Funding Feminism: Monied Women, Philanthropy, and the Women’s Movement, 1870–1967 (Gender and American Culture)

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Release Date: 
October 1, 2017
The University of North Carolina Press
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Joan Marie Johnson’s new book Funding Feminism offers an important and accessible (if occasionally redundant) contribution to both academic and lay audiences interested in women’s history in America, philanthropy, and indeed, select social change movements led by prominent women over the course of nearly 100 years.

Through mini-biographies of women like Phoebe Hearst, Grace Dodge, Ava Belmont, and Katherine McCormick, coupled with well-researched events and attitudes of their day, Johnson brings together a group of women who collectively reveal what it was like to be rich and influential at the turn of the 19th century and well into the 20th. 

All of them made their mark on the lives of American women, often not without sacrifice and struggle. Some were more powerful than others, some more political, but viewed as a group their contributions are to be recognized and applauded.

As Johnson points out in her introduction, the donations of monied fin d’siecle women strongly influenced “the trajectory of the women’s movement,” foreshadowing and helping to shape feminist endeavors leading up to suffrage, birth control, and autonomy.

“Progress was made possible in large part by wealthy women,” she argues. “Suffrage was won only when rich women gave large contributions . . . some coeducational institutions welcomed women only when ‘coerced’ into it by restricted giving; and access to birth control expanded only with money and legitimacy from society leaders.”

Two issues that Johnson explores, prevalent even today, are the political nature of feminist organizations and class divides that quickly become contentious. Some women, like Alva Belmont, were heavily into power, contributing their time and money first to one organization, then another, if their ideas about priorities or strategy differed from those of organizational leadership.

Coercive giving could become an issue when it meant deciding who would chair a board or what salaries would be paid. (It often was useful, too, as when a large amount of money was donated to a medical school on the condition that women be admitted.) Others wanted only to support white women, or antagonized working-class women by patronizing them and setting agendas for them without consulting the very beneficiaries of their financial contributions.

As Johnson puts it in her chapter about power and resentment in the suffrage movement, “Women, in particular, had to consider whether fighting against sexism implied a goal of equality across class (and race) as well as gender. The divide among wealthy, middle-class, and working-class women in the movement raised a question still under debate today, regarding whether feminism should be inherently democratic and nonhierarchical—and what happens when it is not.”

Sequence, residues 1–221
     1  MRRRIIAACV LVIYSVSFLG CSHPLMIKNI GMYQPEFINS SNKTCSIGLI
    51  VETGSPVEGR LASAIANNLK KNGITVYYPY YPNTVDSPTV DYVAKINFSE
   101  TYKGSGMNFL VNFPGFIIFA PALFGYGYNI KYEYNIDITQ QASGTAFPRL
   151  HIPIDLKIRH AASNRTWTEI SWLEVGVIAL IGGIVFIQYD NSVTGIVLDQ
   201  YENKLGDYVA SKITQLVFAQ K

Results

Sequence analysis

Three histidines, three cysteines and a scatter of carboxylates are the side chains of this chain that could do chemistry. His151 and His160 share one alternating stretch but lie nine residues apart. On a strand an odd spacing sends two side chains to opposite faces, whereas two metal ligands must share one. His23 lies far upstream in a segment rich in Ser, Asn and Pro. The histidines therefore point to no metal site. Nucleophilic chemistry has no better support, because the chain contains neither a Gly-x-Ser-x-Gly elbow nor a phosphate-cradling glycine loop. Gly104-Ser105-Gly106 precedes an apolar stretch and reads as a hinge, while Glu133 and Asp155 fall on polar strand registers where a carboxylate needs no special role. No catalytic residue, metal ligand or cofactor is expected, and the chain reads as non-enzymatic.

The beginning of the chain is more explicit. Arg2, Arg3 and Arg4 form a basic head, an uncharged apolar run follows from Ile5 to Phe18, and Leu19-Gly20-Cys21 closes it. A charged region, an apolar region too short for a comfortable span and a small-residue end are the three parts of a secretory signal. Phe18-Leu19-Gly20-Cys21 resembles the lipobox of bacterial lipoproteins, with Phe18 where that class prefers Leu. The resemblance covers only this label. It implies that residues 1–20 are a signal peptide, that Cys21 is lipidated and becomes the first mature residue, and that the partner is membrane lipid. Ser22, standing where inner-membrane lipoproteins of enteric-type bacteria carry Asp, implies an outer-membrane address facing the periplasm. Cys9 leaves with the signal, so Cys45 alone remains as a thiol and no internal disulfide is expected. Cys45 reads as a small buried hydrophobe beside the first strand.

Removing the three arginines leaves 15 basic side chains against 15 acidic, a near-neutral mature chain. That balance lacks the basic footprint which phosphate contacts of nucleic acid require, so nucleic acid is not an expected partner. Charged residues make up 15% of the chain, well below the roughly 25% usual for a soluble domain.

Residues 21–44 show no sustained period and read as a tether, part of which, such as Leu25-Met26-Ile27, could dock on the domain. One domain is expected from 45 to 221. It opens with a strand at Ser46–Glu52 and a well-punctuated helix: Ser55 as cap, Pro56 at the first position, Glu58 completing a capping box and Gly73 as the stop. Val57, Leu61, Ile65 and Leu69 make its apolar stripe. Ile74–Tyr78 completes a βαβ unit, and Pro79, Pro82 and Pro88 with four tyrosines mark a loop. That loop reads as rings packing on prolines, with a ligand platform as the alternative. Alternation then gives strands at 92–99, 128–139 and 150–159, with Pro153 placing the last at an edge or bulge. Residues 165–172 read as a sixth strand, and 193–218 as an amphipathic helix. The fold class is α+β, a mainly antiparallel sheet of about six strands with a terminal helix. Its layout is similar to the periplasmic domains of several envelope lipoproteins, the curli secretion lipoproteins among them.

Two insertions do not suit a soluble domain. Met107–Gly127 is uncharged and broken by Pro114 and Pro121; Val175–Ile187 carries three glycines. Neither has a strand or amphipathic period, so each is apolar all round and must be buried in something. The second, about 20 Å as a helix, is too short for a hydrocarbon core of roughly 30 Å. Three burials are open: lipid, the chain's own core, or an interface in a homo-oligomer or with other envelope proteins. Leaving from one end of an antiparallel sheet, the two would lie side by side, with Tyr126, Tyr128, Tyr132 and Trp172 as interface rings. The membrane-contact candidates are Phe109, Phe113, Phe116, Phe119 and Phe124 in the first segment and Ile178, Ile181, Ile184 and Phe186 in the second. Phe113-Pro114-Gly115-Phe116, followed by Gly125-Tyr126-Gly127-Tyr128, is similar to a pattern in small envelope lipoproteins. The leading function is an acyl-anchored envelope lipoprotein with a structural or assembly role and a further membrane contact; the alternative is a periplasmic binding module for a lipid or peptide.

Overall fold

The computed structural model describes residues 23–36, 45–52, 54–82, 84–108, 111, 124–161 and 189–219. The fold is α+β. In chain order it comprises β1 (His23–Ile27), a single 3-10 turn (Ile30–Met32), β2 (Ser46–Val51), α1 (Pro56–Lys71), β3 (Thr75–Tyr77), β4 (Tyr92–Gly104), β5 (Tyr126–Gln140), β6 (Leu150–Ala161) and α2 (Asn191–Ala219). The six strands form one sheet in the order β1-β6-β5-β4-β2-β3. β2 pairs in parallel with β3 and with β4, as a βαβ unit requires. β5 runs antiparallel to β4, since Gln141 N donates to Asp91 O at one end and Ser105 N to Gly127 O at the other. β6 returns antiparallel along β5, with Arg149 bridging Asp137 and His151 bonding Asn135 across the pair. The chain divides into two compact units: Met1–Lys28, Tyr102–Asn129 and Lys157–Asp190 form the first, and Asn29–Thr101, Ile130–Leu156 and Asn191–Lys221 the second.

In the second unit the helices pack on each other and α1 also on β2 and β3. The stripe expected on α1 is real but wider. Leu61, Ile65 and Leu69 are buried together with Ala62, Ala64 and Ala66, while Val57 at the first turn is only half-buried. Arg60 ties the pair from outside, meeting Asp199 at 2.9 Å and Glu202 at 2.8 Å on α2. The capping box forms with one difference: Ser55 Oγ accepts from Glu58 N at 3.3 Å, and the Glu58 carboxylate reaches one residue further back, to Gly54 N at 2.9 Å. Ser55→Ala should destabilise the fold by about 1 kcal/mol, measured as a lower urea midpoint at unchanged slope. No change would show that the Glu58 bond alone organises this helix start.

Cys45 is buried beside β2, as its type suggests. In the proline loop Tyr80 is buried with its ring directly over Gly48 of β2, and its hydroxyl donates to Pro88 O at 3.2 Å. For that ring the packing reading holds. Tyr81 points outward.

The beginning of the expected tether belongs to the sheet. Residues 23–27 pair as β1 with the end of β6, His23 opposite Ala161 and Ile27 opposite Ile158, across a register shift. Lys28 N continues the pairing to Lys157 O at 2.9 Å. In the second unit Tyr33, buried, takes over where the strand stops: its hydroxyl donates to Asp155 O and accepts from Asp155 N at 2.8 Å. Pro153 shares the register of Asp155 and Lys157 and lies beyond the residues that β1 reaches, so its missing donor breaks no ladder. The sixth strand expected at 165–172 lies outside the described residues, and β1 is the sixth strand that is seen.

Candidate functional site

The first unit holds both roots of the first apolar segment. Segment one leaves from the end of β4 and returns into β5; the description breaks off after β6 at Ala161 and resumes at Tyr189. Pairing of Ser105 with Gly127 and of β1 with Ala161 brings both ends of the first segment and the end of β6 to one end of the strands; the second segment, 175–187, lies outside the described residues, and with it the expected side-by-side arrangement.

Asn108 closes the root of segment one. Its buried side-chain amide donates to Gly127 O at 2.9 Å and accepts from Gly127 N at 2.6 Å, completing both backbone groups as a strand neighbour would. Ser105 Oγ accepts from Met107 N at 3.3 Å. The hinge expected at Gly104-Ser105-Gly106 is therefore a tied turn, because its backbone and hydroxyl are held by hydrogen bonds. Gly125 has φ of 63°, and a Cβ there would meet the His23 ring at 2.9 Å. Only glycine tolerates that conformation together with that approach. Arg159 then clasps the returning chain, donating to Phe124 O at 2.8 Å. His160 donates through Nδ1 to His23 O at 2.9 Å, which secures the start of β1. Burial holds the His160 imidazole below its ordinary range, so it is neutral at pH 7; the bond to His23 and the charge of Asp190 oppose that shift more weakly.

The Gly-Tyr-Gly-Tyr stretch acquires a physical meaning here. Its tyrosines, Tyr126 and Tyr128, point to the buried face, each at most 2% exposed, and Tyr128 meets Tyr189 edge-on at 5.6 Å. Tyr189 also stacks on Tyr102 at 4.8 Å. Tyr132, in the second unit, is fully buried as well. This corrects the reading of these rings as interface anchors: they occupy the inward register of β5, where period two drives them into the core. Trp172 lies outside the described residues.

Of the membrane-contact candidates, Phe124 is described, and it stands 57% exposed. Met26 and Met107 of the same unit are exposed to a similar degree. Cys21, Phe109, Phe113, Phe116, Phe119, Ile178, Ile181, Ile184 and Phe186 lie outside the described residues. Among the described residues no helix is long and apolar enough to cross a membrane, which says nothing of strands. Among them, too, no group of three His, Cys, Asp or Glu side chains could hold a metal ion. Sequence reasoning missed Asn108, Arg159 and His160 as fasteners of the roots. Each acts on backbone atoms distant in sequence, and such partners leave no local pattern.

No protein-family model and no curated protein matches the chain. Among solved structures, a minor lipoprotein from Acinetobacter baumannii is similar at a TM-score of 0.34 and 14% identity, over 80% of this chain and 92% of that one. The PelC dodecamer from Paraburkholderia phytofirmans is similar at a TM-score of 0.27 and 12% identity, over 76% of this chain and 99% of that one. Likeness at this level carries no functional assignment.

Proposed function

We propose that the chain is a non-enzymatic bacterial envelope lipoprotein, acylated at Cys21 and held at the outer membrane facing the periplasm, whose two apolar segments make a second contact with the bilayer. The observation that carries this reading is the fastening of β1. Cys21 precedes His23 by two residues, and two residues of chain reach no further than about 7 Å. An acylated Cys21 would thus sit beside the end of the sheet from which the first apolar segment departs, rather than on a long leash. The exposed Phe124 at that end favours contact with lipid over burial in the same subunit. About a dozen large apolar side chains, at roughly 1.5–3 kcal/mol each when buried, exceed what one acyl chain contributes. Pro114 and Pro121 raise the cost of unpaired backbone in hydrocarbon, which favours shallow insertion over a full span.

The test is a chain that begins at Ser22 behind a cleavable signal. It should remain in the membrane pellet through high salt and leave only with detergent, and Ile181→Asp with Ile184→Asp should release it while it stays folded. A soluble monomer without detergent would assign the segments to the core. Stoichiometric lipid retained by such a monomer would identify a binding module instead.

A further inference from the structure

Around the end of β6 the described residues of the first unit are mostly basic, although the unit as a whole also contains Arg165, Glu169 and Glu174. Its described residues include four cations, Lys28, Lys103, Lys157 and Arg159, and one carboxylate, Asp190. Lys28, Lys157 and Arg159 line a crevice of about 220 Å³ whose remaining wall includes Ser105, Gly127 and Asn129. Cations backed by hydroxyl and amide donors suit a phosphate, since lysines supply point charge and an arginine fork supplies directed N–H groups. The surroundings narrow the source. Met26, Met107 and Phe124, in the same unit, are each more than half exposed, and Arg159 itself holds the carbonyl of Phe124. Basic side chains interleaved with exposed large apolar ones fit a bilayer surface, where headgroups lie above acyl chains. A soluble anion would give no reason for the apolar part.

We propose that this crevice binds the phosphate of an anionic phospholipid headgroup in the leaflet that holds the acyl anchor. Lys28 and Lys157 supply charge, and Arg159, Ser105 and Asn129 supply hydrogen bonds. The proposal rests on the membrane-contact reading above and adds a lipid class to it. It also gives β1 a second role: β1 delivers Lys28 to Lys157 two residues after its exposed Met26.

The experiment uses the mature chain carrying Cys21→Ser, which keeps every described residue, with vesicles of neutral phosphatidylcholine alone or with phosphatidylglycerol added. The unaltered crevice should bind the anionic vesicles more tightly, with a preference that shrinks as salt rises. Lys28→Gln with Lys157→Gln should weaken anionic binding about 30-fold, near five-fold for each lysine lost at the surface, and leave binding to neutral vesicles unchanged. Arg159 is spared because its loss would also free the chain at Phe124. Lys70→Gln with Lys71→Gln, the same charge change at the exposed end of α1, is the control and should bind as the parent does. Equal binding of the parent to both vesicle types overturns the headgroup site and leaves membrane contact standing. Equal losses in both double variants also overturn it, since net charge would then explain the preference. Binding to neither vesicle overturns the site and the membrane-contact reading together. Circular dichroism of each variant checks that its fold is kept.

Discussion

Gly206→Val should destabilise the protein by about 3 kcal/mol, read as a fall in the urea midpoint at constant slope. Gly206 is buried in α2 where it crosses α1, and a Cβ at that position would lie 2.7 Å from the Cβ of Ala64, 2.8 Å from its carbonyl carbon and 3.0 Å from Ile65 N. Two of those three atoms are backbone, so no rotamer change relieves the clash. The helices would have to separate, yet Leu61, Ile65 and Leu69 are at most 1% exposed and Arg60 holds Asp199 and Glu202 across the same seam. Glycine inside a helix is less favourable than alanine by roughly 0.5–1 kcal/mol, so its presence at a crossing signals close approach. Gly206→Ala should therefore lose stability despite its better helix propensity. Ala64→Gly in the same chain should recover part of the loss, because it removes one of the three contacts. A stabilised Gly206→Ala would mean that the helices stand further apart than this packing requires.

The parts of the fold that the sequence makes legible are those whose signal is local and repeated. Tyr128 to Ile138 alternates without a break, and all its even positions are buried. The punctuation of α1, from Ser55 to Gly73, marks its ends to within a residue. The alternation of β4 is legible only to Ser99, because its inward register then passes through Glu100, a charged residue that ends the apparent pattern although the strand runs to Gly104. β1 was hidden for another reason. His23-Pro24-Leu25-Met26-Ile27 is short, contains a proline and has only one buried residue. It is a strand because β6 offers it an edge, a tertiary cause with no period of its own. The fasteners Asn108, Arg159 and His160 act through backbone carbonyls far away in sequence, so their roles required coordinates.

These kinds of issues cannot be dismissed in terms of the challenges they presented, but it’s clear that women’s philanthropy made a huge difference in women’s lives as donors grappled with, and overcame, many political and philosophical divides.

One hugely important initiative undertaken by Sophia Smith, founder of Smith College, and several other women to emerge in the late 19th and early 20th centuries, was the commitment to make higher education available to women. “Creating separate colleges for women ensured access for women to schools promoting rigorous standards of scholarship . . .” Johnson reminds us. Such colleges “promoted women’s independence through education and professional training.”

No longer were wealthy women giving money to men’s colleges to honor a male in their family. As historian Andrea Walton, whom Johnson quotes, put it, “the ways philanthropy enabled women to cross certain boundaries —to participate in the life of the university and to transcend or enlarge upon certain expectations of ‘womanhood’” cannot be understated.

The chapters on funding the birth control movement and funding research for the pill will be of particular interest to feminists active in the women’s health movement.

They feature Margaret Sanger and Katherine McCormick, among others, and take readers to times many will recall personally, such as when the pill became available in 1960. Sanger believed that only birth control could truly emancipate women, much as Susan B. Anthony had believed only the vote could. McCormack was single-minded in her quest for a birth control method controlled by women.

Some readers may have difficulty reconciling Johnson’s claim that testing the pill on Puerto Rican women was “not out of racist disregard for the safety of [them] in the trial but for practical purposes,” while she states that the nursing students who participated in the clinical trials in Puerto Rico “were not actually free to consent.”

Nor does she discuss the ethical dimensions of testing the pill there, which included the fact that the trial subjects who received placebo and became pregnant received no assistance, financial or otherwise, from the researchers. It was simply “the best choice [because] birth control was legal there, they personally knew a doctor who could oversee it, and it was close enough to bring specimens back to Massachusetts for testing.”

As Johnson rightly concludes in her epilogue, “Since the late 19th century, women have created enormous social changes in society. . . . Money has often been key to success [and] women of means continue to make a difference for women today through their giving.” Still she notes, “gender equality has not yet been achieved in the United States. . . . The need for women to give major gifts to fund changes benefitting all women is more imperative today than ever.”